Construction projects in Mexico City look set to suffer delays as a result of the swine flu outbreak, as UK firms shut down their offices in the country
The government has told firms in Mexico not to arrange any face-to-face gatherings, which means all major planning meetings – both internally and with local and foreign investors – have been cancelled.
McBains Cooper and Currie & Brown, two of the biggest UK firms operating in the country have told staff to work from home, with the former shutting down its offices in Mexico City until further notice.
Juan Carlos is managing director of Space, an architect based in Mexico City that is working on the 600,000m2 Efizia tower. He said: “This will affect the economy and projects. I’ve had all my meetings cancelled this week, and at least three of those were with UK and US investors that were coming to talk about working on schemes with us. “I don’t think it will stop the projects but it will certainly delay them.”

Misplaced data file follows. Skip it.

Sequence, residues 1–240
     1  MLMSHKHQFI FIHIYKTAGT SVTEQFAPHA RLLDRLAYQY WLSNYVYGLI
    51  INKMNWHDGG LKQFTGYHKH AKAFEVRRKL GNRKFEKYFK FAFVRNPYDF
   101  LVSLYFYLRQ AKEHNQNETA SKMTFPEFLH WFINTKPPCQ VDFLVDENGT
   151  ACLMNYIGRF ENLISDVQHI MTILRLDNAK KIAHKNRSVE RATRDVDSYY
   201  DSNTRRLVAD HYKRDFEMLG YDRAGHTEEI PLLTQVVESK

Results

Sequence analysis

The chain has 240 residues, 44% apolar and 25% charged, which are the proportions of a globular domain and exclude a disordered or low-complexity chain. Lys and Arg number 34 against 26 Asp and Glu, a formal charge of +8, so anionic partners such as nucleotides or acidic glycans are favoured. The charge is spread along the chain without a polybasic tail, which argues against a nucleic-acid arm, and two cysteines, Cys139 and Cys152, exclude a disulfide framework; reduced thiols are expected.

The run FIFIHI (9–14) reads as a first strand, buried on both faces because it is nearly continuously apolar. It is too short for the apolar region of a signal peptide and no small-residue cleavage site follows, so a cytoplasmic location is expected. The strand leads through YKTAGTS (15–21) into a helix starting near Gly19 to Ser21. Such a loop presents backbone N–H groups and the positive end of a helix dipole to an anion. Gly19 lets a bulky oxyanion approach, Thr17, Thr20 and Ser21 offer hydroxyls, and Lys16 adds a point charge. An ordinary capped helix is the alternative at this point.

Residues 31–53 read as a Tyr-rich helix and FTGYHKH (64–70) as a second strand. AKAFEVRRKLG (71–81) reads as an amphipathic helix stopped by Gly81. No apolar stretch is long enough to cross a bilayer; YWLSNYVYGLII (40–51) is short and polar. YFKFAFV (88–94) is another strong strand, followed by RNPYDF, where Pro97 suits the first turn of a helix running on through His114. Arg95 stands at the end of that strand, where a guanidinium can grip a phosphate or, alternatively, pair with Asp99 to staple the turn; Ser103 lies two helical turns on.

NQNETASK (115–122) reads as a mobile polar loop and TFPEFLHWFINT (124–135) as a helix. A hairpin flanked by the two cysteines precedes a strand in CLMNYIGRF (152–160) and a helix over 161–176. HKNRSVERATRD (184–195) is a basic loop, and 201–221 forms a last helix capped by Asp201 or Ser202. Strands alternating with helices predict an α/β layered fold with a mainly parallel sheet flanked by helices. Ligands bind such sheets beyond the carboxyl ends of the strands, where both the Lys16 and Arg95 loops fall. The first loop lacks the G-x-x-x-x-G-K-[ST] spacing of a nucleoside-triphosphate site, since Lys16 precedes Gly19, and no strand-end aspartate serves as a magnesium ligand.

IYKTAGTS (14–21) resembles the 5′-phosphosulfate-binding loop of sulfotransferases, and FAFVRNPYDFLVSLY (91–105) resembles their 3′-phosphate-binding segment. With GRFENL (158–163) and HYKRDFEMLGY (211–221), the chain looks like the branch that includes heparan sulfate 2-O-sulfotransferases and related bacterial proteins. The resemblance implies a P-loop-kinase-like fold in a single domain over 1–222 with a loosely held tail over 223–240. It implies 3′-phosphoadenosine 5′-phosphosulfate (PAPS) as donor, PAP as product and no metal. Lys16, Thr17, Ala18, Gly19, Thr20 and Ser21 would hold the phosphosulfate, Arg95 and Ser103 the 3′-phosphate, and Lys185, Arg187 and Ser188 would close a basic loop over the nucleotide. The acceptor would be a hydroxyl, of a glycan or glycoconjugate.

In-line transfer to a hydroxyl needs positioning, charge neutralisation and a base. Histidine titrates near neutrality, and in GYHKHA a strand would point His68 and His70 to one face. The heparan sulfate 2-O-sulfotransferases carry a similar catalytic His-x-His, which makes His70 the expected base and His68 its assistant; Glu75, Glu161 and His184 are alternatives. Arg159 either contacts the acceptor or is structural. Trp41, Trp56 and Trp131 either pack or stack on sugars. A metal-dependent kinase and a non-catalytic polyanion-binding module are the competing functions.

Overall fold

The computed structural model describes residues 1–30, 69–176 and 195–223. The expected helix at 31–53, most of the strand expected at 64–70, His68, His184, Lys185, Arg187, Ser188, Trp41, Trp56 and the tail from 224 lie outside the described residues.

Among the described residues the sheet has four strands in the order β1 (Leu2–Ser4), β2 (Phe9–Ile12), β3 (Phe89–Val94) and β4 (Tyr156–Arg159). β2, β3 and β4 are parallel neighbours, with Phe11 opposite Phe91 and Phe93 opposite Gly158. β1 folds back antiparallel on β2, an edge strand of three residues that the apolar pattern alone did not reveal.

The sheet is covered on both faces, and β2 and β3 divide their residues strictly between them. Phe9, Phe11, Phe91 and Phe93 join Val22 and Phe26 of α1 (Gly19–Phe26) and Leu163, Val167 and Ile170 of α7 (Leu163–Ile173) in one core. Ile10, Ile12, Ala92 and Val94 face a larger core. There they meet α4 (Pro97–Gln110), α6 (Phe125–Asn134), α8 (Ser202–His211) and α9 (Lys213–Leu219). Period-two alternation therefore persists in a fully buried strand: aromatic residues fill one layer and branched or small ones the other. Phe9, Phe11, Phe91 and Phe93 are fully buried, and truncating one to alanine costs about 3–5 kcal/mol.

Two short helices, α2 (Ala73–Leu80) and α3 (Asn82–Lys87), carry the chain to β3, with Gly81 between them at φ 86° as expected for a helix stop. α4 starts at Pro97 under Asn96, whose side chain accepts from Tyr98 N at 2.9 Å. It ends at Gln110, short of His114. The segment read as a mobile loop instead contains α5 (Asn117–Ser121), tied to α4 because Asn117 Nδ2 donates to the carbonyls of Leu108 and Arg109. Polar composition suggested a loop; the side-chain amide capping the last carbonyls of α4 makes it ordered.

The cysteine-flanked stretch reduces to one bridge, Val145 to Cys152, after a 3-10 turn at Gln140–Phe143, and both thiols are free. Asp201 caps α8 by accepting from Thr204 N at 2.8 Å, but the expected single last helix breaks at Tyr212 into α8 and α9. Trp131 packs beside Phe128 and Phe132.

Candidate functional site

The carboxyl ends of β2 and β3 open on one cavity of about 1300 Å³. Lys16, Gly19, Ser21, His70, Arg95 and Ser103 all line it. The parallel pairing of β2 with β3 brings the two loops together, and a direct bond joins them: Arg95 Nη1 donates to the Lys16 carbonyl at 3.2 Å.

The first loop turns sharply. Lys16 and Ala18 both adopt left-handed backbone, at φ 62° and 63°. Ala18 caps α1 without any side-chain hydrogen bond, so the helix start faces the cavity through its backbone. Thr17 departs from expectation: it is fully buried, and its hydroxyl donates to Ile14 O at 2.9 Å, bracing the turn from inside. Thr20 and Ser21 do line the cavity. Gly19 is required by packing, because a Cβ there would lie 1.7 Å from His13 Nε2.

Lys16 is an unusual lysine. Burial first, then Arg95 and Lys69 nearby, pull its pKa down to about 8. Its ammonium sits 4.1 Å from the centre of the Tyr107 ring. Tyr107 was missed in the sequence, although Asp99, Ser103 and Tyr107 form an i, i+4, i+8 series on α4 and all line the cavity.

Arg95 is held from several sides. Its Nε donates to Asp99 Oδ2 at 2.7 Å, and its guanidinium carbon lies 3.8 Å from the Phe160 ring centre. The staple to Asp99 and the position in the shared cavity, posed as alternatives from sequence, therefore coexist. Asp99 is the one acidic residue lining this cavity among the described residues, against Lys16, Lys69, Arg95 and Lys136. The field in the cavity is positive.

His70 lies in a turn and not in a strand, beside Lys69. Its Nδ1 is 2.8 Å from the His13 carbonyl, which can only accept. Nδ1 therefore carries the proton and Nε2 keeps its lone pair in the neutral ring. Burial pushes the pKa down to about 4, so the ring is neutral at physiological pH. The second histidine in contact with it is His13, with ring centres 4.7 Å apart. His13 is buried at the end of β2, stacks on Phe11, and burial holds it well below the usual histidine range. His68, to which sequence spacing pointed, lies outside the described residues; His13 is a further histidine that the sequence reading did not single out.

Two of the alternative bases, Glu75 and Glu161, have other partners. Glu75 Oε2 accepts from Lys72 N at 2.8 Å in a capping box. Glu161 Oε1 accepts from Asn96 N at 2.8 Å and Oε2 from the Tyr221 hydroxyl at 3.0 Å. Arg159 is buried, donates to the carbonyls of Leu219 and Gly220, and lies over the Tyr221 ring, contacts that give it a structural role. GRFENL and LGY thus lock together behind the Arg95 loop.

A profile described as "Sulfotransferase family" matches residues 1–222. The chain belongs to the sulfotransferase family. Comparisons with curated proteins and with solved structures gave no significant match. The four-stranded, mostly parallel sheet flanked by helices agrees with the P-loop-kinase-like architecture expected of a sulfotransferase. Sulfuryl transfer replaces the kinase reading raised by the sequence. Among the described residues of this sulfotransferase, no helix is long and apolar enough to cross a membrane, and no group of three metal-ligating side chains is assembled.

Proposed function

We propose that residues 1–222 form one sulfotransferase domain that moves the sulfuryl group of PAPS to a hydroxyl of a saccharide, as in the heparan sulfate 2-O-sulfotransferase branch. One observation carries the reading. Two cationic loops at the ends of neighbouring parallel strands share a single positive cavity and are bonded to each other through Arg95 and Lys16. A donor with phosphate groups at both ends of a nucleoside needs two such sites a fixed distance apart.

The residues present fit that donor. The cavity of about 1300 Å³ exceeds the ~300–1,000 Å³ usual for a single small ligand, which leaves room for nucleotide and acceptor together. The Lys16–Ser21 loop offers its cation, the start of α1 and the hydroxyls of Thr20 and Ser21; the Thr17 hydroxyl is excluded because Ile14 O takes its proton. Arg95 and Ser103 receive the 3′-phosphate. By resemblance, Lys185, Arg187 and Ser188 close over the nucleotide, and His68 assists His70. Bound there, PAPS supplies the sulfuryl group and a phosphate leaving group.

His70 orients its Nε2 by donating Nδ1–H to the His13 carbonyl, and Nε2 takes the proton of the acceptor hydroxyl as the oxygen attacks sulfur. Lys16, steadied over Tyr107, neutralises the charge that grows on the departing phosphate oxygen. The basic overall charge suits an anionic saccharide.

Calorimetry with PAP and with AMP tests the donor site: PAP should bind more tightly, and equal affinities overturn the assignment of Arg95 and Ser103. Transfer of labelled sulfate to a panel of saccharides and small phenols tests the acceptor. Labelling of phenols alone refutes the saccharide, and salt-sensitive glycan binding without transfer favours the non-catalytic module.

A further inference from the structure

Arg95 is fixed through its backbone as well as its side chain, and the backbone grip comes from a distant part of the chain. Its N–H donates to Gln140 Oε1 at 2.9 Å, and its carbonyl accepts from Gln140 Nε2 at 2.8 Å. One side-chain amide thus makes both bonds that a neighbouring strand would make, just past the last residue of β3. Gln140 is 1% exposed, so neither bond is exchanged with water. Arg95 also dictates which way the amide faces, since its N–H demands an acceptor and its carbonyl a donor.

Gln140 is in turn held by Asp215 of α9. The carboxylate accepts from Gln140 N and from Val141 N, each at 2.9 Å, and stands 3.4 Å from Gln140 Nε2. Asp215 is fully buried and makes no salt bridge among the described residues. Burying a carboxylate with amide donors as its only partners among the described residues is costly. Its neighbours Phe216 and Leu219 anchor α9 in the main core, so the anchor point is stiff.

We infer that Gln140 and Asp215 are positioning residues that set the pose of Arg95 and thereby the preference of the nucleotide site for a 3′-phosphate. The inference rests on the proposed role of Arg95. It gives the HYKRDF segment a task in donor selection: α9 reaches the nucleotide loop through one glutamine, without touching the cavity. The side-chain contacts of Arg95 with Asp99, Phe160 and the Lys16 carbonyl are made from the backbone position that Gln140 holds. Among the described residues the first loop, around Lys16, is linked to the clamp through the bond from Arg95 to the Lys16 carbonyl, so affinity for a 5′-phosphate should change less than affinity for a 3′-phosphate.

He added that local meetings could be rescheduled relatively quickly, but those that would need flights to be rebooked could take much longer.
I don’t think it will stop the projects but it will certainly delay them
Juan Carlos, Space Architects
Carlos’ firm is one of many that have decided to close their offices in Mexico City until the government re-opens schools, churches and other public buildings. This is expected to happen next Wednesday at the earliest. Most employers have told staff to come in only when absolutely necessary and to follow the government’s warning about meetings.
The biggest office building in the city, the Torre Mayor, has experienced an 80% drop in visitors and a 30% reduction in staff coming to work.
Rick Ricker, building manager of the Torre Mayor and director of Reichmann International, a developer operating in Mexico City, said the air filters were being changed every day or two, rather than weekly, and special anti-bacterial lights were being installed in the elevators to help curb the outbreak.